Astronomy Picture of the Day

SN 2005ap: The Brightest Supernova Yet Found

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#104134 by @ 17.10.2007 00:00 - nach oben -
SN 2005ap: The Brightest Supernova Yet Found

What could cause a bang this big?

supernova explosion
was so inherently bright that it could be seen nearly 5 billion
light years away (a
of 0.28) even with a small telescope.

Specific colors emitted during
SN 2005ap
indicate that it was a
Type II supernova,
a breed of stellar explosion that results when a high mass star begins
heavy elements in or near its core.

Type II supernovas may be more powerful than their
Type Ia cousins,
but they are not currently more useful cosmologically because
astronomers don't understand how to accurately recover their
intrinsic brightnesses.

It is therefore dimmer
Type Ia supernovas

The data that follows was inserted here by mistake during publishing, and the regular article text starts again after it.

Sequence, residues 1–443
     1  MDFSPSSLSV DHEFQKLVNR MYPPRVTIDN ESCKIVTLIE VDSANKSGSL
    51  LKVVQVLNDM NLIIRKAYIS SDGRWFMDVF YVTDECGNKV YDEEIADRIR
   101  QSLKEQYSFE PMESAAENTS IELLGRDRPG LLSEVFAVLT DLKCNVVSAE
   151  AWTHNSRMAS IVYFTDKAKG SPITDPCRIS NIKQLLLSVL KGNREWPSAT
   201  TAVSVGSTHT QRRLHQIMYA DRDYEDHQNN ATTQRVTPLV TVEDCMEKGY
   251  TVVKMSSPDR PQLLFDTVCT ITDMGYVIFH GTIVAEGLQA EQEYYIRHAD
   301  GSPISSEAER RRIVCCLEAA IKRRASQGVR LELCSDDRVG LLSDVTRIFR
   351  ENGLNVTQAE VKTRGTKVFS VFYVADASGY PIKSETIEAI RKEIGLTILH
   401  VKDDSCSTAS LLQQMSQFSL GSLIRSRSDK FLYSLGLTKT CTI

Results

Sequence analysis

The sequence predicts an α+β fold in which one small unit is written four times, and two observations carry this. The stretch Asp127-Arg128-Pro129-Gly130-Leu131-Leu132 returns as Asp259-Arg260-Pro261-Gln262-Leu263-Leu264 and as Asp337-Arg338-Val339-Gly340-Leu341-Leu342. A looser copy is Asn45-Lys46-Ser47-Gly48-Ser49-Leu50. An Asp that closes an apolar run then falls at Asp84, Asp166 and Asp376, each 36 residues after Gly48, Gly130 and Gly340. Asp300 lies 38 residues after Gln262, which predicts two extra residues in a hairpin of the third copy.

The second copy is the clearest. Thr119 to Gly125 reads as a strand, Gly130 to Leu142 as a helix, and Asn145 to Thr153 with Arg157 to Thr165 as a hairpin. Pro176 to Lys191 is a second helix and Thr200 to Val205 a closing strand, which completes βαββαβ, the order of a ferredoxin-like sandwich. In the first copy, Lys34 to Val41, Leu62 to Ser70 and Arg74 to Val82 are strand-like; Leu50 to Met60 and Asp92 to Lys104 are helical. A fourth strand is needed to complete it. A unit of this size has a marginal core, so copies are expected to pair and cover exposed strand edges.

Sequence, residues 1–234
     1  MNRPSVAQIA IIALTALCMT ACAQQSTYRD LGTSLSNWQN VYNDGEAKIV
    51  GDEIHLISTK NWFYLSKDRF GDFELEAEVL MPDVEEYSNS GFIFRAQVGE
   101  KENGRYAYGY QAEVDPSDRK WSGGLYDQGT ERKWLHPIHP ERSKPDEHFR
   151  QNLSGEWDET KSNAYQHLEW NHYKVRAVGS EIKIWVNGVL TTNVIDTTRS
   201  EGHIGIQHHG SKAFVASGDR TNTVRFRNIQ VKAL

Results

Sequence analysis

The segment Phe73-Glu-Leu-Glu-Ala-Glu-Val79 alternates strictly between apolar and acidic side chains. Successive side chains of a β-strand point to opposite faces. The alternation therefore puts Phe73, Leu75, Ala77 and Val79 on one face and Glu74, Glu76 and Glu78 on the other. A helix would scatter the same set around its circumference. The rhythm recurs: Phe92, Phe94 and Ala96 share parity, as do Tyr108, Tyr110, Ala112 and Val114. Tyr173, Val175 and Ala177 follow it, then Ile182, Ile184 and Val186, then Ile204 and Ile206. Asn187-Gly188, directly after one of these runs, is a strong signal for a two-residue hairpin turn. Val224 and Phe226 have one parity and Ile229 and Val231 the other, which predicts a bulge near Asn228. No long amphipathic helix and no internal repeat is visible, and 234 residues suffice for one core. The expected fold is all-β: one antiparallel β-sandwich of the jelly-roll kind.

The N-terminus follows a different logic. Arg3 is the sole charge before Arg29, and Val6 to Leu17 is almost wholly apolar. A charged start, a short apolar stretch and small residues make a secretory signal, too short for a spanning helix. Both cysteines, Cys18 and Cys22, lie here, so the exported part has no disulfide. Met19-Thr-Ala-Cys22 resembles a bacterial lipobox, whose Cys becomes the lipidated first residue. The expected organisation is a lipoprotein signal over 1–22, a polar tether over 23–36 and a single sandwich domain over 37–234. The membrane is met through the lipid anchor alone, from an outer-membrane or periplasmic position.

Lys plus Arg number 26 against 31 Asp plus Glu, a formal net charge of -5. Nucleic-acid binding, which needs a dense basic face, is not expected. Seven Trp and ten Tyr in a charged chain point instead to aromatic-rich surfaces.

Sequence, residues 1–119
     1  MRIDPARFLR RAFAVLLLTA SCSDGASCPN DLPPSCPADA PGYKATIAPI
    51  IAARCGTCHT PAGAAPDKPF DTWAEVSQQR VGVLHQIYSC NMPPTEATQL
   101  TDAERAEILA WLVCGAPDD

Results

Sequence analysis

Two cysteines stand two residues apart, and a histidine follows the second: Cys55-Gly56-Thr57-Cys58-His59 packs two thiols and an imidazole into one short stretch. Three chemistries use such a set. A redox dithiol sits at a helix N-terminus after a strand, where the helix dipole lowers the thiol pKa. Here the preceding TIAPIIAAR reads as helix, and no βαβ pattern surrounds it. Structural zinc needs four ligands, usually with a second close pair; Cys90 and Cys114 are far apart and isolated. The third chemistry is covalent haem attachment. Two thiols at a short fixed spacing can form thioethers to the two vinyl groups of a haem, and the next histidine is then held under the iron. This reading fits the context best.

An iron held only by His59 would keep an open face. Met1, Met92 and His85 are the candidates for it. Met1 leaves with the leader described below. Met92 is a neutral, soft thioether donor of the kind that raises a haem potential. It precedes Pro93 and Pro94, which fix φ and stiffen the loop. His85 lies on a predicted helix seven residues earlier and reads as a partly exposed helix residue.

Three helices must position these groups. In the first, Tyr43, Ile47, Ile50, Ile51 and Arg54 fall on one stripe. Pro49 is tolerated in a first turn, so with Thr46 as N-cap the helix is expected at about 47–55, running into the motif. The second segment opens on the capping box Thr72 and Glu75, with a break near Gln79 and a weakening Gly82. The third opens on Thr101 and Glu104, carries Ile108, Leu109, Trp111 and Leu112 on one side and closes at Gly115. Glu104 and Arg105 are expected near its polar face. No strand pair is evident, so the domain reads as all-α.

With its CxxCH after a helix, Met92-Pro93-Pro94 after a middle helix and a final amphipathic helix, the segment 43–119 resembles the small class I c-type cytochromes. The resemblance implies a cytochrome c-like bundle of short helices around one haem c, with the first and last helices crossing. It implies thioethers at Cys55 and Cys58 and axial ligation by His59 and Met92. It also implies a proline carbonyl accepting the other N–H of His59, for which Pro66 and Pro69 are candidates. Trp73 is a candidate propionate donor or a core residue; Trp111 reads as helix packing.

that are used by astronomers to calibrate the
distance scale
of the nearby universe.

Were Type II supernova
better understood, astronomers might be able to
probe distances
further into the universe, and so probe the stability of the strange
dark energy that dominates the present universe.

Pictured above
in a digitally compressed image, the bright supernova SN 2005ap is
visible on the right where no exploding star had been seen on the
left less than three months before.

Credit & Copyright
#104135 by @ 17.10.2007 06:44 - nach oben -
geili sach so es paar fürwerk im weltruum
#104141 by @ 17.10.2007 08:15 - nach oben -
I ha domols no denkt, woni mit mim Teleskop ufeglueget ha, dass döt ä Art Stern isch, woni vorher no nie gseh ha... Jetzt het sich da Mysterium glöst.